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Cllr Paul Mercer is a councillor on Charnwood Borough Council and is the Lead Member for Housing in the Cabinet. He is writing in a personal capacity.

One of the more obvious ways of assessing police effectiveness is to look at crime statistics. Although, as the police are quick to point out, they do not necessarily reflect the amount of crime; only the willingness of the public to report crime.

There are some exceptions to this rule. Very few murders go unreported, and because insurance companies require a crime number, householders will also report burglaries. As a councillor representing a ward in the centre of a town, crime is one of the key issues for many residents. Over the years, we have found the easily-accessible data on the police.uk website a useful tool. It could be used both to put pressure on the police to deal with certain types of crime and also report on the success that they have had.

Until 2017, police.uk contained data going back to 2010 but the first five years were then deleted. Nicky Morgan, our MP at the time, raised the matter with the Home Office and, after a long delay, the Home Secretary, Amber Rudd, explained that the Data Police Application Program Interface (API) had been modified so it only presented data from the previous 36 months. “The decision to retain data for no longer than three years after receiving it from police forces was made in consultation with the Information Commissioner’s Office”, she explained, “and forms part of the Data Processing Agreement between the Home Office and their suppliers”. She further noted that “data should only be retained for as long as it is necessary and it was felt that three years was sufficient time to allow the complex and lengthy police investigations to result in final court proceedings so the outcome to the crime can be recorded accurately”.

The crime reports accessible on police.uk only indicate an approximate location and contain neither personal data nor identifying information. As such, there is no obvious reason why the ICO was involved given that its role is to protect personal data. On this basis, the ICO could credibly argue that electoral data should be limited after 36 months and nobody would know who had ever been elected. What was also not explained was why it was necessary to go to great lengths to record the data accurately and compile it, only to erase it after such a short period.

The Home Secretary helpfully added that although it had been decided to “retain data for no longer than three years” it was still possible to obtain this data via the archive which contains historic data back to 2010. This completely negated her point about not retaining data although, unhelpfully, there appears to be no reference to this archive on the ‘explore crimes’ section of the police.uk website.

In order to keep our residents aware of the crimes that were taking place in our ward in Loughborough, we would access police.uk, define its boundaries, and then take a note of the crimes which had occurred. However, when we last attempted to do this, we were informed that the service had been suspended in order to “prioritise providing access to key policing services to support the response to covid-19”. It would apparently be restored at some indeterminate time in the future. It is difficult to see how maintaining an API is taking manpower away from frontline policing.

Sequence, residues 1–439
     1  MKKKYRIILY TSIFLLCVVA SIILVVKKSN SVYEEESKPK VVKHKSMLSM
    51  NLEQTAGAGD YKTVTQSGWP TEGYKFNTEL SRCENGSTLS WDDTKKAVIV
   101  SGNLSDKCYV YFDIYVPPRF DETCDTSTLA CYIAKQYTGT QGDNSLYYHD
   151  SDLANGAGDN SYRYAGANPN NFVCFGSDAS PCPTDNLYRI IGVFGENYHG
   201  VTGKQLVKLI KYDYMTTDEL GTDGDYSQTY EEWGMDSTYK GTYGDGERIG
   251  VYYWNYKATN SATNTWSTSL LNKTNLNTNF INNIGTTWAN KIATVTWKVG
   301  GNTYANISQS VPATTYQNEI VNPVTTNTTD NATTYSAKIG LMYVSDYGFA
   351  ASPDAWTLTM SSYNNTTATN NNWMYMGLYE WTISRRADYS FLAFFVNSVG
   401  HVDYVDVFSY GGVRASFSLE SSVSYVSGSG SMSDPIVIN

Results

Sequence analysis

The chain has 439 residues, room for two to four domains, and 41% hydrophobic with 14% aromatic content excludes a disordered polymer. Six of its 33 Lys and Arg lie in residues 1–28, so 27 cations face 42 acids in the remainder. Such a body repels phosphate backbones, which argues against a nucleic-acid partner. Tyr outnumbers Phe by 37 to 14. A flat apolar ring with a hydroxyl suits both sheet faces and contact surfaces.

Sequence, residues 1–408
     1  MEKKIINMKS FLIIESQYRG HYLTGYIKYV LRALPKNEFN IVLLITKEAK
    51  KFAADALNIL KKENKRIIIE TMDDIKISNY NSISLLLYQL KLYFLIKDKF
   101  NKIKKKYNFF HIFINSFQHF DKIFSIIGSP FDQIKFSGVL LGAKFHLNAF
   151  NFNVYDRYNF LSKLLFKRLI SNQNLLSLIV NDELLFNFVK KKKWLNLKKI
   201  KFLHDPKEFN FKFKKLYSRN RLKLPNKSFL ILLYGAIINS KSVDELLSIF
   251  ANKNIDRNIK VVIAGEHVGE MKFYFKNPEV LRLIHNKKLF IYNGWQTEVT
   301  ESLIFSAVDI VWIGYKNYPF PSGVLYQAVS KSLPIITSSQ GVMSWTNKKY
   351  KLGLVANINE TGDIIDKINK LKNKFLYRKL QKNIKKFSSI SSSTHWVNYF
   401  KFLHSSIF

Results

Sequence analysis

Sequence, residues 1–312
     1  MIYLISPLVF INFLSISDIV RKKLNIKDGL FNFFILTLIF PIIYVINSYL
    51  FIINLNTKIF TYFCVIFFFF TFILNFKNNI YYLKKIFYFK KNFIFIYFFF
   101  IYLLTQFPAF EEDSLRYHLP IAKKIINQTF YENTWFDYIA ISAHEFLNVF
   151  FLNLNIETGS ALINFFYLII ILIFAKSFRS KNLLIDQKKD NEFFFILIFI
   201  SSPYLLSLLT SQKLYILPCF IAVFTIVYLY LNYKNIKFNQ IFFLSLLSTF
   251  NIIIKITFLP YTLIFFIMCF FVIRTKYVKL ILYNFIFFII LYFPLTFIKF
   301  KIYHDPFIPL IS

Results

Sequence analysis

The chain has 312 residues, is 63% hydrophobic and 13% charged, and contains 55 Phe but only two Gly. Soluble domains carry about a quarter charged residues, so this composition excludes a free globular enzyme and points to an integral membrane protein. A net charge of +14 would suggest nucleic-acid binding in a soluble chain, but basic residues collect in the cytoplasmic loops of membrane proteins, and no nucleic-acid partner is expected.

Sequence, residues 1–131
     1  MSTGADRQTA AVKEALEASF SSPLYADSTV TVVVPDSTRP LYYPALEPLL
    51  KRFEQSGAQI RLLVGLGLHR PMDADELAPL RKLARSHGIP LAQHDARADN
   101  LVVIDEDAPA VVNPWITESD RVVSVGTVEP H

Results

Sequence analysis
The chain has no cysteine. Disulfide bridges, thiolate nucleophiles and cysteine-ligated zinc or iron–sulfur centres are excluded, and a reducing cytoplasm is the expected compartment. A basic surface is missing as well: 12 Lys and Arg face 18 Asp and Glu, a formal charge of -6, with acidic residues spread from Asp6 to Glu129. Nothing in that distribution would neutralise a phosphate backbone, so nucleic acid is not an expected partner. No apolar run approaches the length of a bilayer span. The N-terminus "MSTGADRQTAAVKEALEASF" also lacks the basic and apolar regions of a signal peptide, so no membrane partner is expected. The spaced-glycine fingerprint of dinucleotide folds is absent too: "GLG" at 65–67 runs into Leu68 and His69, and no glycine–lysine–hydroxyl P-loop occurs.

The police.uk site does not state very clearly who owns and operates the site. The actual domain name is registered to Vodafone and it is only when you dig into the terms and conditions that it states that the ‘brand and the content’ is ‘owned’ by MOPAC. There is no link to this mysterious organisation which turns out to be the Mayor’s Office for Policing and Crime – part of the Greater London Authority.

In analysing the crime statistics over the past decade it was also apparent that, midway, the police decided to change the criteria by which they recorded statistics meaning that many of the older statistics were no longer relevant and it was difficult to make a proper comparison over a period of time. Although there were doubtless ‘operational’ reasons for this change it conveniently makes it difficult to make an objective comparison of how efficient or inefficient police forces are over a period of time. In terms of statistical significance many years of crime data are required in order to differentiate long term trends from short term factors.

The police.uk website proudly announces on its homepage that it exists to enable the public to “explore the latest crime statistics, find the force responsible in any area, read about how they are performing and what’s being done to tackle crime”. The website does contain a lot of useful information about the police and how they operate but it is failing to provide accurate crime data to enable the public and politicians to make objective long-term comparisons.

Rather than allowing access to this data to be controlled by the Mayor of London it would make far more sense for the Home Office to host a site which contained accurate data for the whole of the UK which could be easily accessed for the whole of the 10 years for which it is available. That way, it would be possible to make a formal objective comparison about how police forces are performing.

25 comments for: Paul Mercer: Police crime statistics need to be more intelligible and transparent

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